Production efficiency of hot water for domestic use
This paper examines the efficiency (in terms of energy use and carbon emissions) with which 5 different types of domestic water heating system employed in the UK are able to produce hot water for sanitary use. A method of normalisation is employed allowing results from case studies with different systems and usage levels to be compared. Water heating appliances studied include gas boilers, a micro CHP, heat pumps, an immersion heater, and a solar thermal system. It is found that instantaneous production of hot water is much more efficient than delivery via tank storage for gas-fuelled systems. For electrical systems, an immersion heater is found to perform better in some circumstances than heat pumps and also has advantages when combined with a solar thermal system leading to the proposal that this combination offers the most potential as a low carbon method for domestic hot water provision in the long term. Opportunities are identified to improve the performance of all systems with storage through better control of heat inputs. Inconsistencies in, and problems of compliance with, established standards for mitigation of Legionella in hot water systems are also identified.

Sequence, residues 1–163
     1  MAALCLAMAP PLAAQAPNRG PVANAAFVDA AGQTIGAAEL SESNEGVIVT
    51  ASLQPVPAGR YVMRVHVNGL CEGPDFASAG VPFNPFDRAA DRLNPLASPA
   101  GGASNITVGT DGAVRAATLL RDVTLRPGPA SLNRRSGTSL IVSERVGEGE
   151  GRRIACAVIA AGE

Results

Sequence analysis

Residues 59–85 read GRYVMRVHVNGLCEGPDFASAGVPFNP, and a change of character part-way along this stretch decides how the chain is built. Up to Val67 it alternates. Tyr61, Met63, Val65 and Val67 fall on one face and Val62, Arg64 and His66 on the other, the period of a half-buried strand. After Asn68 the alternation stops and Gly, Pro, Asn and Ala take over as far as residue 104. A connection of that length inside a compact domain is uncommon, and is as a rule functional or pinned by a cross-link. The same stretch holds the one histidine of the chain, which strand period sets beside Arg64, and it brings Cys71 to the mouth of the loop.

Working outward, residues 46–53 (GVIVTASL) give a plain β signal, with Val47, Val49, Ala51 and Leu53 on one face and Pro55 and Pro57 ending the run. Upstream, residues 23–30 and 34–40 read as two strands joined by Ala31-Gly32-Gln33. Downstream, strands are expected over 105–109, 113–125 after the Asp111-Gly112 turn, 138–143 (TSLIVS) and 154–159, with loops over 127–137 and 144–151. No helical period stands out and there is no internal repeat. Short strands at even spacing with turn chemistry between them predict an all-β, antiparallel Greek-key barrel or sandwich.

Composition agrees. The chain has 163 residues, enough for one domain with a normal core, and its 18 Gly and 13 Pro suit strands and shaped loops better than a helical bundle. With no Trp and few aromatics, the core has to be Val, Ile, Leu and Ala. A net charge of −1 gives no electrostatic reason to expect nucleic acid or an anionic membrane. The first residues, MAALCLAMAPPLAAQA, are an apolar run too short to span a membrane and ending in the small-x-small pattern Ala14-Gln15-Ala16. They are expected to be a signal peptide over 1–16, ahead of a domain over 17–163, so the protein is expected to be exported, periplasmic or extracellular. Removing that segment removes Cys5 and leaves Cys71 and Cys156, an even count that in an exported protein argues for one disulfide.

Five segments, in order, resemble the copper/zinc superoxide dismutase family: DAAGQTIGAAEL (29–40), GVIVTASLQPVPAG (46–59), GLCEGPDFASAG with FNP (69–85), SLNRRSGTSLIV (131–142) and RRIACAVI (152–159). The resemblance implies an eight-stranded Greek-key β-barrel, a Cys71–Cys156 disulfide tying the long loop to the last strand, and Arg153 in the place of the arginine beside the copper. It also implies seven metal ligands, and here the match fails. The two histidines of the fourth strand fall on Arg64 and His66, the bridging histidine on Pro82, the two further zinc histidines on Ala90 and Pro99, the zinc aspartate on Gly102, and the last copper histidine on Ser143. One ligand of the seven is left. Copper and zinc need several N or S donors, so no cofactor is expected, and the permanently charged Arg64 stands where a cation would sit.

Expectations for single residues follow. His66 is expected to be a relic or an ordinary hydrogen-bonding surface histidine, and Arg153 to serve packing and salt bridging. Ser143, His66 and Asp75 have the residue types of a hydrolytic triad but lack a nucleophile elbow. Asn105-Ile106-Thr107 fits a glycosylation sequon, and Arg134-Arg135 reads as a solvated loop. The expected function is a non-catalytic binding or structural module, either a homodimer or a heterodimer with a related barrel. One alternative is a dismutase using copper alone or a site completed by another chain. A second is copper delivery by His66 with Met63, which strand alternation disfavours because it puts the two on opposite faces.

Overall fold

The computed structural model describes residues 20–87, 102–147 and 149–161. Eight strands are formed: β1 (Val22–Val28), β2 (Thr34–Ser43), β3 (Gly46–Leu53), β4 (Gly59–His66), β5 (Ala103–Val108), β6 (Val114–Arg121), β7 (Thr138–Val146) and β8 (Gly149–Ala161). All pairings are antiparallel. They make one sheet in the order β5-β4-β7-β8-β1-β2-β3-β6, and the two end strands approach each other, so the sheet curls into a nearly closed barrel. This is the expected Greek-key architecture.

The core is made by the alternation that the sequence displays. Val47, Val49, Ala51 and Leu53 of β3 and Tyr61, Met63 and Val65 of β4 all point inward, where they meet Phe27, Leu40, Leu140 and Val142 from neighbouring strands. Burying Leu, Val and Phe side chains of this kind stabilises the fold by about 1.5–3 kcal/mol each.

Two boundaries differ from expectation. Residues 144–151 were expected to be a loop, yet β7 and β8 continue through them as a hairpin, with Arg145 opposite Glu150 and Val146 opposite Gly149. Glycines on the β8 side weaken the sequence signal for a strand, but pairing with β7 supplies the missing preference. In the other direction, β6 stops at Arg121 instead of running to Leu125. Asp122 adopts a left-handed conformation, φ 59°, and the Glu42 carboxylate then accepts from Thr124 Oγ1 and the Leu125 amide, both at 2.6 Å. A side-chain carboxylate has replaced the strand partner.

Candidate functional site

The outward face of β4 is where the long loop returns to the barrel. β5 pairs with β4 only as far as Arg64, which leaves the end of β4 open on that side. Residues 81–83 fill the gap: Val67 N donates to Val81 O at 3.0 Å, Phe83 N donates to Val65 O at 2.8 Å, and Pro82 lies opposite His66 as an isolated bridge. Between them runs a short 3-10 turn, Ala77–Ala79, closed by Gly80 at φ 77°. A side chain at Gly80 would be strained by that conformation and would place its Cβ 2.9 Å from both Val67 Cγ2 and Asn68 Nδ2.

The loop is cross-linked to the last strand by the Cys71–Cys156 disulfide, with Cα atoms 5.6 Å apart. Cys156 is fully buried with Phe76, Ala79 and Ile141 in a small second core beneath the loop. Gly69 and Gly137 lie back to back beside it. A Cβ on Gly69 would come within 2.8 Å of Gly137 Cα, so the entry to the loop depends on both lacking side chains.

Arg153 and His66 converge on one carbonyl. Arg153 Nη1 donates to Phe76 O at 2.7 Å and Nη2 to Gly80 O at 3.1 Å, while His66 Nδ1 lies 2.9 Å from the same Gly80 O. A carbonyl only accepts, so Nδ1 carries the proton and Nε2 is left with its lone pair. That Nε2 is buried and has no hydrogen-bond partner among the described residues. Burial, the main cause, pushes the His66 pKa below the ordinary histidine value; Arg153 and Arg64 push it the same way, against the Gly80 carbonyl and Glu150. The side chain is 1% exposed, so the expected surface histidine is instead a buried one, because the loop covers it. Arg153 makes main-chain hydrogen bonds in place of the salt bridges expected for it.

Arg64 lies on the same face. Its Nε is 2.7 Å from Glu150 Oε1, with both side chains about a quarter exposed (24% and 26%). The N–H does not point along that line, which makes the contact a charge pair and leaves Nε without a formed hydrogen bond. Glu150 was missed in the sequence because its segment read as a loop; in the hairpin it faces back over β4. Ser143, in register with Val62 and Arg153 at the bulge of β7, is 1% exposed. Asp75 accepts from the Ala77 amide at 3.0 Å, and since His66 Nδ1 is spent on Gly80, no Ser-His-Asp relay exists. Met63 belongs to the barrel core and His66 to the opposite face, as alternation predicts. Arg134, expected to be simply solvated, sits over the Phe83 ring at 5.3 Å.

Research performed under the Carbon, Comfort, and Control project jointly with Cardiff and Leeds Metropolitan Universities.
Citation : Boait, P.J., Fan, D., Stafford, A. and Dixon, D. (2012) Production efficiency of hot water for domestic use. Energy and Buildings, 54 pp. 160-168
Research Group : Institute of Energy and Sustainable Development
Peer Reviewed : Yes